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May 17, 2012

Cancer

Disclosing someone's diagnosis of cancer is a morbid privledge. There is tension that hangs in the air as you sit with the patient and their family, all gathered to hear what news you have, waiting for you to confirm their fears. And you will, but not yet. First, as you've been taught, you ask them what they understand about the situation, what they are worried about, how they are feeling. Then, in an unfailingly abrupt change of focus, you tell them that the news you have is not what you'd hoped. You look around the room and notice how everyone is acting differently, some meeting your eye, some avoiding your gaze, some still, some restless. But no one is breathing, not until you're finished.

"I'm sorry to say that you have cancer."

The news hangs in the air and only then does everyone breathe it in. The news becomes impregnated into their cells and starts changing, altering the person, invading the known and making a new space for itself in the minds and hearts of each. The patient looks down, tries not to cry, tries to be strong. You can hear thoughts steeling for the battle ahead, promising to be victorious but doubting even now. The family moves closer to the patient, maybe asks a few questions but doesn't listen to your answers. Your role here is ceremonial now, you serve no real purpose. You have delivered your message. Now you just sit in the presence of the family and offer mumbles and soft touches of support.

Once, I told a man he had cancer. He held my gaze for a moment before looking away. His cancer affected his brain and I saw him fighting to understand what my words meant. He was surrounded by family, but his 18 year old daughter was not present. He looked for her, reached for her, forgetting that she hadn't been able to get off work tonight.

Seeing her absence, he turned back to me. "When can I go back to work?"

The answer was never, sir, and in fact you may not ever leave the hospital, this room, this bed. But that was not his concern and I missed the meaning in his question.

"When can I talk to the work people? I need money."

The tumors prevented his thoughts from forming words and his words from expressing his meaning. Finally we heard him. He didn't need money. He needed life insurance.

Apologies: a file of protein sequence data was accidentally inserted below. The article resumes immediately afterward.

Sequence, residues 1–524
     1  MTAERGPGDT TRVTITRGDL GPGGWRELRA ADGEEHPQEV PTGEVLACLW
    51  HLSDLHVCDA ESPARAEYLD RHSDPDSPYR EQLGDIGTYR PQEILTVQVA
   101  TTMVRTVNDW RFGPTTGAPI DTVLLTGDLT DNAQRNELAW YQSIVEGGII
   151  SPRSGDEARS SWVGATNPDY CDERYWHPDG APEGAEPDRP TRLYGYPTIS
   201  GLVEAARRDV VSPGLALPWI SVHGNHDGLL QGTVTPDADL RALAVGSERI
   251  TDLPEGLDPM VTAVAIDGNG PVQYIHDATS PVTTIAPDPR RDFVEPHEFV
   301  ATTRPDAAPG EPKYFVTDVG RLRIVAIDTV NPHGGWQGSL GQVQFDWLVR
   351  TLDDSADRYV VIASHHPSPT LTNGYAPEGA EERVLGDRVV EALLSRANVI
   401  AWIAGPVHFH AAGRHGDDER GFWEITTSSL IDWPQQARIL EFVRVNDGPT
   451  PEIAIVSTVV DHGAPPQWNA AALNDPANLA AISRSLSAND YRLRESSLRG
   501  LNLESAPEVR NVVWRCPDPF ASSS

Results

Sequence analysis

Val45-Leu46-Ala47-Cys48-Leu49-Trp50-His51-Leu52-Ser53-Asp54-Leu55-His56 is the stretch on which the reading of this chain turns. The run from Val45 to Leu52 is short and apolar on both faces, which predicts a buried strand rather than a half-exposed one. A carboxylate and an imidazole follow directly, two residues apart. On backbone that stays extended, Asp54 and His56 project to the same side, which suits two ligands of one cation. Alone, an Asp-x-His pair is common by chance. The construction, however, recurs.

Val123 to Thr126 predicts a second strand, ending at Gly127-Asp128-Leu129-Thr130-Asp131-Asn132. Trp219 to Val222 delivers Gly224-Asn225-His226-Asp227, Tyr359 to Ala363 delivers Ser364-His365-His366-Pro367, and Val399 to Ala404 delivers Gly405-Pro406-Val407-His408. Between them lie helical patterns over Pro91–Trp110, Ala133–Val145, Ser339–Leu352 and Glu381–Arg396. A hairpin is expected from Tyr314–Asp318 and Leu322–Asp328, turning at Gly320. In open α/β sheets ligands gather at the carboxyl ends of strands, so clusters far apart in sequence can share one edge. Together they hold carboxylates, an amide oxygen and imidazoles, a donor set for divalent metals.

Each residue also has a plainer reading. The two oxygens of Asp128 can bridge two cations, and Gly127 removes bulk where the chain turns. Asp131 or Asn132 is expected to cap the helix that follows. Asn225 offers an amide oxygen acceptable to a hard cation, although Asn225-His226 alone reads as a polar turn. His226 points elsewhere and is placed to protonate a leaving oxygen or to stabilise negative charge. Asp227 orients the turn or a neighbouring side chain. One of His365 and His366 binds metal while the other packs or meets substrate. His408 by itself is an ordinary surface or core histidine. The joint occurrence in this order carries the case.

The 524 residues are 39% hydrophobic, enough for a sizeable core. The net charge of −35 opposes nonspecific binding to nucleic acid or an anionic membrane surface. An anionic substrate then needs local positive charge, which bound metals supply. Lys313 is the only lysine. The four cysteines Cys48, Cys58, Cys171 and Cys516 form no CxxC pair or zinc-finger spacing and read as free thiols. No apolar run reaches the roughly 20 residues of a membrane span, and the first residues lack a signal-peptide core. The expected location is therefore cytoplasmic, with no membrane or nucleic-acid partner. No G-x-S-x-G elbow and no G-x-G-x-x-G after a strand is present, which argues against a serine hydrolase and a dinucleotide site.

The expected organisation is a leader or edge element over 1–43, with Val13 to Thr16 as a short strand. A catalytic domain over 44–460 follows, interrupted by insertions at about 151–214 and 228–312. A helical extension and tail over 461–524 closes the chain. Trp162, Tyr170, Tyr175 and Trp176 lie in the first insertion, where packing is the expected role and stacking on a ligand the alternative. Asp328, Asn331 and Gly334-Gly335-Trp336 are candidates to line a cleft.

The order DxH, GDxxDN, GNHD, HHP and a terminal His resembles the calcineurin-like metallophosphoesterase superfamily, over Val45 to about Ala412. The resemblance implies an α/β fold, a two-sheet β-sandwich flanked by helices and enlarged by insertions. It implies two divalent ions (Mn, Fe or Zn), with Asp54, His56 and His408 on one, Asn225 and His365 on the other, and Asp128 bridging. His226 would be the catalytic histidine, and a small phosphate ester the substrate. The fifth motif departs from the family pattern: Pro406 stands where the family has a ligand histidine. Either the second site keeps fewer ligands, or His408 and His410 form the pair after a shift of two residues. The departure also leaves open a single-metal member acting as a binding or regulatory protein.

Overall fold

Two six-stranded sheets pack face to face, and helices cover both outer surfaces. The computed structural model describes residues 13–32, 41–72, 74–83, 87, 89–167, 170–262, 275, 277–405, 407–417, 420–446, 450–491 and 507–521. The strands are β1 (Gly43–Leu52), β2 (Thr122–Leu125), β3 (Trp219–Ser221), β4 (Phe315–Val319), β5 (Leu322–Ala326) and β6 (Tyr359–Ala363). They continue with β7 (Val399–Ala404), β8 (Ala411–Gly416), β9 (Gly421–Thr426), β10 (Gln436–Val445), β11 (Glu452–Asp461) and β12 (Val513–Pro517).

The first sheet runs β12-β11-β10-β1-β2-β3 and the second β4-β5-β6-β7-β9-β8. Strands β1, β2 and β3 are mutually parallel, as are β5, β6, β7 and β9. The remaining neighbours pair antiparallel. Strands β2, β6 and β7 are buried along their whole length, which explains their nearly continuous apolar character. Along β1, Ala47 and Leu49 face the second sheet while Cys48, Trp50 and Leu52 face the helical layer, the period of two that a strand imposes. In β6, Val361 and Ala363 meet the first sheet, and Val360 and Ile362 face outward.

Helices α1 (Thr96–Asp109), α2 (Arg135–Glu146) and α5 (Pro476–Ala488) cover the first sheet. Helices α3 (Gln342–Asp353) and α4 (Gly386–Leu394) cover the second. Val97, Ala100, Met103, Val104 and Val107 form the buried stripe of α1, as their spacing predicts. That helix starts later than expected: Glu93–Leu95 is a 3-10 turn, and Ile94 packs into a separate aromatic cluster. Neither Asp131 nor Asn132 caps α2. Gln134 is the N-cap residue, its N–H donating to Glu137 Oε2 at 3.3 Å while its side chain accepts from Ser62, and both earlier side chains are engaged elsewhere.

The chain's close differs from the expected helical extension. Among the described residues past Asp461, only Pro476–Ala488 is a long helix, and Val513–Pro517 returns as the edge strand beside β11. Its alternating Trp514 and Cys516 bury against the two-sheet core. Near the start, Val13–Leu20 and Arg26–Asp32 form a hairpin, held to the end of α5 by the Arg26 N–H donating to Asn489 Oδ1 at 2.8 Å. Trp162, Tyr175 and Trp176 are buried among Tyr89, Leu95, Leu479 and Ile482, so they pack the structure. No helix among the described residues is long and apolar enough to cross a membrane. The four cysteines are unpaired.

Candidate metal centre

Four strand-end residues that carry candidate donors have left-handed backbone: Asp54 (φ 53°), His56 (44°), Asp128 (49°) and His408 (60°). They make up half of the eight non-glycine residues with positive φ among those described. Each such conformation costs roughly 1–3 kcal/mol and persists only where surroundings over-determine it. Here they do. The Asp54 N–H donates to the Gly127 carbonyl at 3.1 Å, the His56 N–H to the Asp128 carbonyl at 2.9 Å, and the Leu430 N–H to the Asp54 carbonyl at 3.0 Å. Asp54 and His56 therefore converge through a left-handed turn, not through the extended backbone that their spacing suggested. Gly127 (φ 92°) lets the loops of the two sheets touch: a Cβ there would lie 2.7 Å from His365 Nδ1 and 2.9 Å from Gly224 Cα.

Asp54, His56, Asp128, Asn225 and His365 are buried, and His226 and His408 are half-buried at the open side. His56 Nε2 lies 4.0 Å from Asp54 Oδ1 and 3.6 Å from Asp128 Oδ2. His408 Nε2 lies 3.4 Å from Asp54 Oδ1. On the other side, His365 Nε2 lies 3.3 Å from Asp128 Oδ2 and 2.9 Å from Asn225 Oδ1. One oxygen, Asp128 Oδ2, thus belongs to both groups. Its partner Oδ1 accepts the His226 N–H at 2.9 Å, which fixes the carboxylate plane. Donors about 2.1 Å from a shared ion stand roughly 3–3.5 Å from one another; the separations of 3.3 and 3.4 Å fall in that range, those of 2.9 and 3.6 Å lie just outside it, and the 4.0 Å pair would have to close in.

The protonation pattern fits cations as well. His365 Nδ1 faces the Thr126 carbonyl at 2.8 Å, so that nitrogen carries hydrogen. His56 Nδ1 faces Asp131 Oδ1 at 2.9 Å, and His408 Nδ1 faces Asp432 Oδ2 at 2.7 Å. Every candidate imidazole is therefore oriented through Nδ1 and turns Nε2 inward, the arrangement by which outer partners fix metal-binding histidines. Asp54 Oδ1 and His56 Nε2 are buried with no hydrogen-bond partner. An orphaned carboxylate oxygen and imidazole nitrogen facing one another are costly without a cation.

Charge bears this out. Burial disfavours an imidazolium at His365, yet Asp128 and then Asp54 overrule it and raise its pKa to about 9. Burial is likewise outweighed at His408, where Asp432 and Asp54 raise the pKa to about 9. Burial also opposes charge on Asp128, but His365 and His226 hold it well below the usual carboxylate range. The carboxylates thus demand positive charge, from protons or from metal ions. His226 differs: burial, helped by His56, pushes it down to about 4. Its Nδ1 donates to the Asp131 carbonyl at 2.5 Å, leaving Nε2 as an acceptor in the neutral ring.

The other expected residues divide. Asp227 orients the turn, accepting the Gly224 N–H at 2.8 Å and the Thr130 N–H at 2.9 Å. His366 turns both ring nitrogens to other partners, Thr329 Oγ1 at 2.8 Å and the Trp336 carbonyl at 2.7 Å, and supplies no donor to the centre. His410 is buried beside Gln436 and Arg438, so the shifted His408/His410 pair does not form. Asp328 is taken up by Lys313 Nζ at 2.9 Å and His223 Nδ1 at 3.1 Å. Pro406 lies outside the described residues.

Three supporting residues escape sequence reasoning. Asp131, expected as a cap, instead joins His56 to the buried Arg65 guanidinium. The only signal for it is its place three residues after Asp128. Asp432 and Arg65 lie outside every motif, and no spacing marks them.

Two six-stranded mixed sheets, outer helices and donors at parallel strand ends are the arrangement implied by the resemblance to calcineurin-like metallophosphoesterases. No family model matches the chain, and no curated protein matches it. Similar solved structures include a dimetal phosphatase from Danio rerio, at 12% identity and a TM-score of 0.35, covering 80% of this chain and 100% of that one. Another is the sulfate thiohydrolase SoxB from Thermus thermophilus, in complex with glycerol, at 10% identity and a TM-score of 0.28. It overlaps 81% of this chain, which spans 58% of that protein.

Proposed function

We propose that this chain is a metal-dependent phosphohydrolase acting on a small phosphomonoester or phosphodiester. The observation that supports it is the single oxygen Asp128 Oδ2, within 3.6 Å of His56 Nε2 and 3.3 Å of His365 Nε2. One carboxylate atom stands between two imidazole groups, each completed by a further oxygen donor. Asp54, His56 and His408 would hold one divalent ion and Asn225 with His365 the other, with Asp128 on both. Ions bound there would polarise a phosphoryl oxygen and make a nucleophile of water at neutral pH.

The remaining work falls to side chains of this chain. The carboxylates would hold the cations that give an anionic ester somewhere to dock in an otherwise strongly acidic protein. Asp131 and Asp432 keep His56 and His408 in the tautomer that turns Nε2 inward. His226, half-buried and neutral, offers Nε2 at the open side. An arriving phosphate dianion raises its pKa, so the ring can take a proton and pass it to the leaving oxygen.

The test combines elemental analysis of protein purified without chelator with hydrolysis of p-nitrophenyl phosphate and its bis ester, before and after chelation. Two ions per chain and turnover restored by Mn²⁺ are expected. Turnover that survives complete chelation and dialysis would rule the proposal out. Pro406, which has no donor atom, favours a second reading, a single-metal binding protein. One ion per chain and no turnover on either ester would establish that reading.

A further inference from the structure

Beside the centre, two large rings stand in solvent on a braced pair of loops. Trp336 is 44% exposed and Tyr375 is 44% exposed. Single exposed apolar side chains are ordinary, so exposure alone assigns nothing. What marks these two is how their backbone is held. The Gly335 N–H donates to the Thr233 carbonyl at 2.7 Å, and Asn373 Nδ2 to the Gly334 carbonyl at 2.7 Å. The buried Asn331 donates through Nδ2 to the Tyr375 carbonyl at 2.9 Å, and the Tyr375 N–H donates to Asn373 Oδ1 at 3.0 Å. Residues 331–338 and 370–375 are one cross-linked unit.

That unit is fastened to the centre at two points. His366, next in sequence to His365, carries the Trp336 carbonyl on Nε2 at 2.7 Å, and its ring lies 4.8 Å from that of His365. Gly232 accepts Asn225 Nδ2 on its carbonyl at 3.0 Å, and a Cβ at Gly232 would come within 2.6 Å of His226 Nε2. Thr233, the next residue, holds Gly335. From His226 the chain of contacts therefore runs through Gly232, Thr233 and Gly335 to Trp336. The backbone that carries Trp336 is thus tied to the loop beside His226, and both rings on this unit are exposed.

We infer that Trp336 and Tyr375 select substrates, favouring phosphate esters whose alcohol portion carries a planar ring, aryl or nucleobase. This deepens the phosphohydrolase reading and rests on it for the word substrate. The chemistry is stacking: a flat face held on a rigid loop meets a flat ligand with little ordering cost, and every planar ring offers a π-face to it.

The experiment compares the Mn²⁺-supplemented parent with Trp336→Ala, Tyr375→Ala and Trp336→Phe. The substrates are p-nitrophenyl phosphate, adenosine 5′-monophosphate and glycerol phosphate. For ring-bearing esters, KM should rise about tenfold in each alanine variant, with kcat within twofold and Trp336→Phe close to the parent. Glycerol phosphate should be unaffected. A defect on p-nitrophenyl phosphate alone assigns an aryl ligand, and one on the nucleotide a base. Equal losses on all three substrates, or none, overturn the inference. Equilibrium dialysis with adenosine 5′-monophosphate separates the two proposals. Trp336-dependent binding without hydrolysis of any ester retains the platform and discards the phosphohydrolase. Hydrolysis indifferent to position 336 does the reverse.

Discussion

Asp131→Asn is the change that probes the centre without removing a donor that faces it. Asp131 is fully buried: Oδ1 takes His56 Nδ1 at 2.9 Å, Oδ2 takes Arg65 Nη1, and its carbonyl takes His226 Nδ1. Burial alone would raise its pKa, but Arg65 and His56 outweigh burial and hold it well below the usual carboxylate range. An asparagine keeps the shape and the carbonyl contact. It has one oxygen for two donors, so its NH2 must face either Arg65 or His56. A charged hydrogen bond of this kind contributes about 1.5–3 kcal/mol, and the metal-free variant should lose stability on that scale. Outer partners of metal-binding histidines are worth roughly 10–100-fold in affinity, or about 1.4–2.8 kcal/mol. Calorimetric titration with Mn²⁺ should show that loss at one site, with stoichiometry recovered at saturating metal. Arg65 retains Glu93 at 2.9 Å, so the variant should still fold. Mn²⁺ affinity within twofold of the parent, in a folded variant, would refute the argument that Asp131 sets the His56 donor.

"What about...? What is she going to do...? She.... needs me... needs money..."

His head rested in his hands as he tried but failed to remember his daughter's name. 

"You know who I mean?"

He cradled his arms and rocked them back and forth, slowly, gently, with love. He looked down at the place where his baby's head once laid and tears fell onto his arms.

"What about her?"

The privledge in taking care of people during these moments is in seeing their hearts exposed, raw and bare. When given their death sentence, people always think of others. Their children, usually, and spouses. They mourn the sorrow that they will cause and the pain that will be their legacy. They look to you to heal them, but not always to cure. Sometimes it is enough to acknowledge the pain and recognize the suffering, to comfort the families as much as the patient. I sit on their beds and look in their eyes and hear them, each time leaving a little of my life with them to quiet the disease, each time taking away a little of the impact of illness away with me.

4 Readers rock!:

Pennsy said...

I was blessed My docs were gifted with the amazing combination of frankness and compassion. They told me how bad things could get, and encouraged me to never stop fighting. I never got the "death sentence," but knew it was always just a bad scan away. Your patients are blessed to have your heart and your heart on their side. And over time, I'm sure you will be blessed by your hours at their sides.

Amy said...

I've always wondered how you guys handle these type of sad issues. Thanks for sharing.

Anonymous said...

Katie, this is just beautiful-sad, poignant beautiful

Syed Kazim Ali said...

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